MARTIN: So the question I have is, do you feel - do you see - you know, I know that, you know, you're a journalist. But do you see, in your reporting, any way in which this gap is bridged, or is bridgeable?

Mr. RAMOS: Well, I mean obviously, when they got to this country, they are doing something illegally. I do understand that. But they are here because there are thousands of American companies who are hiring them. And they are here because there are millions of Americans, including you and me, who benefit from their work.

I mean, the houses where we live, the apartments where we live, the food that we eat - the houses were built by, most of the time, by undocumented immigrants. The food that we eat - most of the time, undocumented immigrants are involved in it.

So I think we have to be very careful here because it's a double standard. We can, obviously, criticize undocumented immigrants. But on the other hand, everyone - including you and I - we're benefiting from their work. So something has to be done. It's an economic problem; then, it's an economic solution.

And unfortunately, we can't blame only President Barack Obama here. We do not have 60 votes in the Senate right now, and Republicans are essentially not helping. If Republicans were to help on this, we would have an immigration reform right now. But under this political climate, I find it close to impossible. But we can blame both Democrats and Republicans for the lack of action on immigration. And it is truly shameful because right now, there are 11 million undocumented immigrants in this country - and the number is increasing.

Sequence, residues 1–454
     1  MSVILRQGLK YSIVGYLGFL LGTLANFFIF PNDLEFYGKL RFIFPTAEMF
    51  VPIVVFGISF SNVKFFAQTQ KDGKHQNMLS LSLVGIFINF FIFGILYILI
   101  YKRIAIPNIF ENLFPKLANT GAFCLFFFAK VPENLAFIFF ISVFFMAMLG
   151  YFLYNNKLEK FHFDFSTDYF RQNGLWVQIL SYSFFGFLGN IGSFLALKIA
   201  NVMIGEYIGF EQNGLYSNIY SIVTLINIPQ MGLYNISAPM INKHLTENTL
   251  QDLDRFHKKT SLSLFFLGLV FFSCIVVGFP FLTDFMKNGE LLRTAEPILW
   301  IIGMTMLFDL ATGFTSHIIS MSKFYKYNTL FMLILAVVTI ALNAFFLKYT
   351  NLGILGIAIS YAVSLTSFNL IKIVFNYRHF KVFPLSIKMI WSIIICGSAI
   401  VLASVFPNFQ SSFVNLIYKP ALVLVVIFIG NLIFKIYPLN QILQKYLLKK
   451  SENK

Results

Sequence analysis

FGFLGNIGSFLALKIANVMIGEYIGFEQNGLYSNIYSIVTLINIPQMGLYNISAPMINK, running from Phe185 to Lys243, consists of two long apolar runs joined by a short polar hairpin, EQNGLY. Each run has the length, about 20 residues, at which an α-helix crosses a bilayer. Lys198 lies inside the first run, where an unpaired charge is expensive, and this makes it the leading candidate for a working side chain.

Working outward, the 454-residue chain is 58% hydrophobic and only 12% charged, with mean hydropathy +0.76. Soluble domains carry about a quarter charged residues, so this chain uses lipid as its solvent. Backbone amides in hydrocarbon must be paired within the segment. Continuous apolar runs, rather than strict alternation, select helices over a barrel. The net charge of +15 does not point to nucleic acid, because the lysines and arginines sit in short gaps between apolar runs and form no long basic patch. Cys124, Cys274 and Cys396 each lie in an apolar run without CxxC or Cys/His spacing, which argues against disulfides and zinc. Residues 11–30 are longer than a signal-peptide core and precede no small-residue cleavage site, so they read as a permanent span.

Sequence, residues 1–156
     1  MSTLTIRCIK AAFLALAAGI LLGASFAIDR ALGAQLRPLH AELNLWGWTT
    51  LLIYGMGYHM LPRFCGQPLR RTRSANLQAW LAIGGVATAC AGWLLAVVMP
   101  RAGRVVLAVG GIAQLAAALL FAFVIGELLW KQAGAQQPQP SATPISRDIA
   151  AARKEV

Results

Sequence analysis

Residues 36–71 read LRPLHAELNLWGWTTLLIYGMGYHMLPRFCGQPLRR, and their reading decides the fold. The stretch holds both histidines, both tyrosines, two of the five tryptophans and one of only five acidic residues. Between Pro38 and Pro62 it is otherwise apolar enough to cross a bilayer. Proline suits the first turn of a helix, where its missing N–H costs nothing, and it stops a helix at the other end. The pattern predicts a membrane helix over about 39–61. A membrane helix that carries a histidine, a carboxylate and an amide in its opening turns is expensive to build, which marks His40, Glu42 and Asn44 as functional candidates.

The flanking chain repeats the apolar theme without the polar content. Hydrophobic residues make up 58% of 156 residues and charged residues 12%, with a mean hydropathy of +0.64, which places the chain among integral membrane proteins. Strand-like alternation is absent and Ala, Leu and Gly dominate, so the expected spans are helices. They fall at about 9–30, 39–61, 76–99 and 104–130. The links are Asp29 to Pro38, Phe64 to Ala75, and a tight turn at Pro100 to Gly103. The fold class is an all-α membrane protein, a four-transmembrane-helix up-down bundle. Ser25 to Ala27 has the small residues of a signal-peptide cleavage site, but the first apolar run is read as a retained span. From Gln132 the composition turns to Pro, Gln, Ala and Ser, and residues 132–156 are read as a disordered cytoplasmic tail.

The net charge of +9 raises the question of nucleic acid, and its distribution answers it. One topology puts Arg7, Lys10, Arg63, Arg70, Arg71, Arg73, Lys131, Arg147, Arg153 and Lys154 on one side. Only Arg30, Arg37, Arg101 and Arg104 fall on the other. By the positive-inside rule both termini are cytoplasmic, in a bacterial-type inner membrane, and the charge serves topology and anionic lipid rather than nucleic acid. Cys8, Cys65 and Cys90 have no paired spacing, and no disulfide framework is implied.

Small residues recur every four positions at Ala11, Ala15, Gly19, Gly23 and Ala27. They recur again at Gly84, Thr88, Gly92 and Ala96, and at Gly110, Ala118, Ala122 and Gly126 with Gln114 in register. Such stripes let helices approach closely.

By the time that the message gets to Latin America that there is an economic recovery in this country, believe me, thousands and thousands are going to keep on coming to this country.

MARTIN: And I want to ask you about that in a minute. But I just want to say, if you're just joining us, I'm Michel Martin, and you're listening to TELL ME MORE from NPR News. Our guest is Jorge Ramos. He's the anchor on the U.S. Spanish-language network Univision, and he is the host of two programs there. And his broadcast - his evening news broadcast regularly beats those of the other major broadcast networks in certain major U.S. cities. I didn't think you'd mind my mentioning that.

You were talking about the political climate, though. You know, in 2010, voters elected three Hispanic Republicans to statewide office: Governor Susana Martinez, of New Mexico; Brian Sandoval, of Nevada; and of course, Marco Rubio, your senator, from Florida. And I'm wondering if you see any sign that this kind of diversity of political identity among Latinos is changing the dynamic at all - of our conversations around these issues.